Dr Karuna Dietrich Wielenga

Newton Fellow

I completed my Ph.D in history from the University of Delhi and am currently Newton International Fellow at SIAS. I'm an economic and social historian working on south Asia. My work examines the history of labour outside large factories in what is now called the informal sector. My doctoral dissertation explored the changing world of handloom weavers in south India – and the economic restructuring of the industry – from the early nineteenth to the mid twentieth century.

Dr Tara van Dijk

Marie Curie Research Fellow

Born in the United States, she received her bachelors degree in Sociology, with minors in Women’s Studies and American Literature, from Southern Oregon University.  She then worked abroad (South Korea, China, and Palestine) before settling in Holland and obtaining both her Master’s and Doctorate (2014) in Human Geography, from the University of Amsterdam.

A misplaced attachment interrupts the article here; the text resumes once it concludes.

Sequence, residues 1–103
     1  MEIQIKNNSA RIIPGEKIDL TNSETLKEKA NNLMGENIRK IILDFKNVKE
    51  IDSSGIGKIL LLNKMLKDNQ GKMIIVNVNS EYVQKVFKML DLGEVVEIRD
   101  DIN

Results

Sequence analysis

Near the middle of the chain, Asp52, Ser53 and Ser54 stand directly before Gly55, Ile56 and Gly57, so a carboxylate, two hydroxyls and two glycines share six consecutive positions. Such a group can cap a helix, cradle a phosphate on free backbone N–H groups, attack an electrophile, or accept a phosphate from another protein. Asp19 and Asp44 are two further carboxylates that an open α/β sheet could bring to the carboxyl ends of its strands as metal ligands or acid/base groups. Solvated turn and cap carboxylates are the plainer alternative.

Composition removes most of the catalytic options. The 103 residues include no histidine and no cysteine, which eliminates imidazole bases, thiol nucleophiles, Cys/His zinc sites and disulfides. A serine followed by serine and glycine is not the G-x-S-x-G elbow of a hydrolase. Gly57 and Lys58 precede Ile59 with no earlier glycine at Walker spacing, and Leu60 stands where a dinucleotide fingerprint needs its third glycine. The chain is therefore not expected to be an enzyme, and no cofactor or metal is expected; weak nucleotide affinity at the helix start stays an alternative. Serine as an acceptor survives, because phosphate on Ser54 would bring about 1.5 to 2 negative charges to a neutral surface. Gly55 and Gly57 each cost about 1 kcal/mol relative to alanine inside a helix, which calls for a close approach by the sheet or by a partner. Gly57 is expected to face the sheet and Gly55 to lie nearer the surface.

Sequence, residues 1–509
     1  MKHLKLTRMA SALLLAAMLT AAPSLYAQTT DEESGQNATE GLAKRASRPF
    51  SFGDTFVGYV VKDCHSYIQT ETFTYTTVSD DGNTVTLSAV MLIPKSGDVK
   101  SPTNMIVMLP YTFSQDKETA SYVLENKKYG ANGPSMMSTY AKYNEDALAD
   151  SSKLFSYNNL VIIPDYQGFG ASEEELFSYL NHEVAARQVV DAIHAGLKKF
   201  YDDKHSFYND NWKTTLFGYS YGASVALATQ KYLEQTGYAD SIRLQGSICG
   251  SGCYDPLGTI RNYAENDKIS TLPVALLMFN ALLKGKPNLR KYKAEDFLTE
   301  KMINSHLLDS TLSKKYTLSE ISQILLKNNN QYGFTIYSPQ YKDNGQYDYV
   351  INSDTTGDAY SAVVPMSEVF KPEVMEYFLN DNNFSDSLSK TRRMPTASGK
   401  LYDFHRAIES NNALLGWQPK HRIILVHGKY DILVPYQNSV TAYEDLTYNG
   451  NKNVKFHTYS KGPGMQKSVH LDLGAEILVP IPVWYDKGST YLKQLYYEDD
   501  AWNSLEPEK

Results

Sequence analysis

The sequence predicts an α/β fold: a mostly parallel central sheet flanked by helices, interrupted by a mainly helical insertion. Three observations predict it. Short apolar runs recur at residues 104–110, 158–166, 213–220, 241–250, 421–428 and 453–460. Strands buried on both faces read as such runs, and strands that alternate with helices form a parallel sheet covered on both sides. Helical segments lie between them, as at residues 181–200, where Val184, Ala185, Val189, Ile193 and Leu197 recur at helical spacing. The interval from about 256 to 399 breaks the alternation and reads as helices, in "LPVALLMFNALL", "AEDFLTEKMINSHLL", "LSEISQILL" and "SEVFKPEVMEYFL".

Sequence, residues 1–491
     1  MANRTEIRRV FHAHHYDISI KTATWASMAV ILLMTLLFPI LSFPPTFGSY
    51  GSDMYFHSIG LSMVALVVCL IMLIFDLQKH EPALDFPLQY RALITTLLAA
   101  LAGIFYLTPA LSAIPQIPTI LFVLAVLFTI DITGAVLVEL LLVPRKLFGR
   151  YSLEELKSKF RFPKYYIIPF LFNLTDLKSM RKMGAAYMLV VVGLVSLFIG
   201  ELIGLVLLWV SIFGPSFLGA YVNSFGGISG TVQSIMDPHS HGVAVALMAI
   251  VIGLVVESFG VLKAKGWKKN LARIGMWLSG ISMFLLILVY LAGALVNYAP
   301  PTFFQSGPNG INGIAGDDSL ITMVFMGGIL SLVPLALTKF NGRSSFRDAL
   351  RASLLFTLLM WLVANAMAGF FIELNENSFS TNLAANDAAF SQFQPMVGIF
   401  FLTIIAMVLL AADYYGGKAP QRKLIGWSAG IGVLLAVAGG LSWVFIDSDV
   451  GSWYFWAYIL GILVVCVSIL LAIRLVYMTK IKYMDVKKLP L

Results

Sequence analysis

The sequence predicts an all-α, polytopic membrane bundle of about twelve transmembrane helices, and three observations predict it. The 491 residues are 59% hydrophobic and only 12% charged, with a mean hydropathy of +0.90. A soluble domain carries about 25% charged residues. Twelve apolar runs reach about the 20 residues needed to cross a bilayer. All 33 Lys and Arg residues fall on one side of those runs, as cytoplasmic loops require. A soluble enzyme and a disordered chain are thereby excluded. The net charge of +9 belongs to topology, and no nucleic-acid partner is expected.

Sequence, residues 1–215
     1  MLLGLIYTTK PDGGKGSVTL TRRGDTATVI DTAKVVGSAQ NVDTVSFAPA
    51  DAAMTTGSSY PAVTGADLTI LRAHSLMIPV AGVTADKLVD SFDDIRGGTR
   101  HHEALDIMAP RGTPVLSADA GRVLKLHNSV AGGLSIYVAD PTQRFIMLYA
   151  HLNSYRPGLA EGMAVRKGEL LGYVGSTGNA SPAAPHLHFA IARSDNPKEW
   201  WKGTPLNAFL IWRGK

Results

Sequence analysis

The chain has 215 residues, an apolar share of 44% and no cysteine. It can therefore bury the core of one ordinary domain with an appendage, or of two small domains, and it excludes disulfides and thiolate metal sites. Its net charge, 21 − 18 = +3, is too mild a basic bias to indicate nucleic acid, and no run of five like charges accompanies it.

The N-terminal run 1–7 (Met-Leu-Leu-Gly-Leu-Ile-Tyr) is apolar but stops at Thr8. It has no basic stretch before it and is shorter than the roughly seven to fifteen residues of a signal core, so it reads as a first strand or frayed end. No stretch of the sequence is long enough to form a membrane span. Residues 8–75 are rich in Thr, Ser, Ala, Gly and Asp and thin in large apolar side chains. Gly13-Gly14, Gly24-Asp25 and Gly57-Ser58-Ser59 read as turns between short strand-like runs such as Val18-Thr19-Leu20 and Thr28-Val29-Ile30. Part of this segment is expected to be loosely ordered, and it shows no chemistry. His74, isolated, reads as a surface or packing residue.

Civil Resistance: The Originality of Gandhi

Monday, 16 October, 2017 -
17:00 to 18:30
The Pavilion Room, St Antony’s College

An event held under the auspices of St Antony’s College and the Oxford University Research Project on Civil Resistance and Power Politics, to mark 70 years of Indian independence.

Romila Thapar (Jawaharlal Nehru University)
Faisal Devji (St Antony’s)
Gautham Shiralagi (St Antony’s)
Adam Roberts (Balliol)
Timothy Garton-Ash (Chair)

Modern South Asian Studies Seminar: The Political Economy of Business-State Deals in Indian States

Tuesday, 28 November, 2017 -
14:00 to 15:30
The Headley Lecture Theatre, Ashmolean Museum

India has historically performed badly in the World Bank’s Doing Business Indicators and a key objective of the current Indian government is about improving de jure rules around investment decisions so as to facilitate economic growth.

Kunal Sen (Manchester University)

Modern South Asian Studies Seminar: The British High Commission in Pakistan 1947-65

Tuesday, 21 November, 2017 -
14:00 to 15:30
The Headley Lecture Theatre, Ashmolean Museum

The paper examines the roles of three influential heads of the British High Commission in Pakistan’s early post-independence history, Sir Gilbert Laithwaite (1951-4), Sir Alexander Symon (1954-61) and Sir Morrice James (1961-5).

Ian Talbot (Southampton University)


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